In recent years, we’ve seen the launch of several buy now, pay later service providers offering consumers an easier and alternate way to pay for discretionary goods and services.
These booming BNPL products are gaining popularity at an astounding rate, with the number of transactions increasing from 16.8 million in fiscal year 2018, to 32 million over the 2019 financial year, according to the latest figures released by the Australian Securities and Investments Commission.
That represents an increase of 90 per cent.
Consumer awareness of BNPL products surged after Afterpay (ASX: APT) launched in 2015 and steadily disrupted layby services and the role of credit cards for consumers. Since then, we’ve seen the sector grow to include competition from a number of existing groups and newcomers, including ZIP (ASX: Z1P), Payright (ASX: PYR), Laybuy Group Holdings (ASX: LBY), Zebit (ASX: ZBT), Sezzle Inc (ASX: SZL), Openpay (ASX: OPY), Splitit (ASX: SPT), QuickFee (ASX: QFE), and Humm (ASX: HUM).
While these providers have received criticism for the potential negative impacts on creating debt and charging late fees, there is no denying that they have disrupted the market to give consumers what they want – a more consumer-friendly credit product. Gone are the days of lay-by where consumers had to secure items through a lengthy deposit process and wait months for a product.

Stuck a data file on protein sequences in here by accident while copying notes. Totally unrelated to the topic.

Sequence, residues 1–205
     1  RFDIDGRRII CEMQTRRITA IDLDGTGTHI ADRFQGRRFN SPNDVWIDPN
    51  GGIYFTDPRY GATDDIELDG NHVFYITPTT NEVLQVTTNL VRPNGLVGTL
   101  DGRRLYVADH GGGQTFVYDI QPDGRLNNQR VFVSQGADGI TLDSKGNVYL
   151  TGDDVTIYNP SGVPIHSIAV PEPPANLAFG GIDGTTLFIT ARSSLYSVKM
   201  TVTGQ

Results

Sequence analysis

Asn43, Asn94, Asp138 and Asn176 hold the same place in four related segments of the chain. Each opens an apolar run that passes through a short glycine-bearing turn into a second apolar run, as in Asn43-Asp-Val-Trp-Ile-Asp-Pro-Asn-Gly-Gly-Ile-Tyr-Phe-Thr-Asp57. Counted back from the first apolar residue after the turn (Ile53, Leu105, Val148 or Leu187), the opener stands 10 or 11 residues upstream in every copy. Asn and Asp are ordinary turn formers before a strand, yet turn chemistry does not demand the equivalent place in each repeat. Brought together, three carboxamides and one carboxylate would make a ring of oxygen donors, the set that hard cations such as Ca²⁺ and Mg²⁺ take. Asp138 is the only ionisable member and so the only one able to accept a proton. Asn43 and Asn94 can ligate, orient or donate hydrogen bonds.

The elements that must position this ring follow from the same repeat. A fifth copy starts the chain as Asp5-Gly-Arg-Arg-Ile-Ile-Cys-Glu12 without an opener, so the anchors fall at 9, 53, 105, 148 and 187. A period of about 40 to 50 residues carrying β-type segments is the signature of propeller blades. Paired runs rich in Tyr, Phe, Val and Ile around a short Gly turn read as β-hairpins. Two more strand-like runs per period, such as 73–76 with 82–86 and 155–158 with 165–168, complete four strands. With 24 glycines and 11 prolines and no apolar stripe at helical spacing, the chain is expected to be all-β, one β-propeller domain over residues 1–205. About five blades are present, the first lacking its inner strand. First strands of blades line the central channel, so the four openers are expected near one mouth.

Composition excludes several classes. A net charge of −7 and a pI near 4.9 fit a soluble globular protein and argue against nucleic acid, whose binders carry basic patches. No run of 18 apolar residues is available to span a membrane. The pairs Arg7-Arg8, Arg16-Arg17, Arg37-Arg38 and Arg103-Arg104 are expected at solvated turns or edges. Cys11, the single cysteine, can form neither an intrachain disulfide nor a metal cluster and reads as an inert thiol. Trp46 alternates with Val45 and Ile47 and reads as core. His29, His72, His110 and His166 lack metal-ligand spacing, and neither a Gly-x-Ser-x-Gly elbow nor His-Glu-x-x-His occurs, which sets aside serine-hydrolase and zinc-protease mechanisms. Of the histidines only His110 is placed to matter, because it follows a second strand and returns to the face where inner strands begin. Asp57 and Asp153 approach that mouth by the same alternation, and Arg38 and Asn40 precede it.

With competition only ramping up, these players have been forced to differentiate themselves by tailoring their offerings to specific sectors or geographies. Some are focusing on establishing themselves in certain locations, while others are making a name for themselves within niche purchase categories to gain a stronger position in the market.
These offerings have only just scratched the surface of payment innovation. The pay later category has the potential to make a much bigger impact, and there is one area that is poised to break into the mainstream very shortly. Enter the next wave: bill now, pay later.
Same acronym, but focus is bills
Afterpay has shown that people want flexible payments and appreciate the structure of a payment plan aligned to their cash flow. This can also work for bills.
Our company Deferit – which saves consumers the hassle of seeking a bill extension if they are going to be late on a payment – is already making a mark in this space by paying bills on time and on behalf of consumers for a fixed Netflix-style subscription fee. The platform allows customers to pay off their monthly bills in four instalments and charges no interest or late fees.
Demand for our solution – which doesn’t fund discretionary purchases like many BNPL providers – has skyrocketed 150 per cent in the past 12 months, with customers using the service to manage bills such as for their phone, electricity, internet or car registration. To date, more than half a million bills have been paid using the platform we developed, totaling over $100 million and has saved its users from over $10 million in late fees.
Deferit offers consumers a central platform to manage their budget and bills without the stress of late payments or calling multiple billers for extensions. The platform is empowering users to set their own due dates for their bills around life circumstances.
The impact of the coronavirus pandemic has accelerated the need for a shakeup in the fintech space, as many cash-strapped Australians look for better ways to manage their money. In due course, billers are going to recognise solutions like Deferit as a legitimate and must-have payment method for offering customers payment flexibility and a better way to pay.
Jonty Hirsowitz is the co-founder and CEO of Bill Now Pay Later platform Deferit.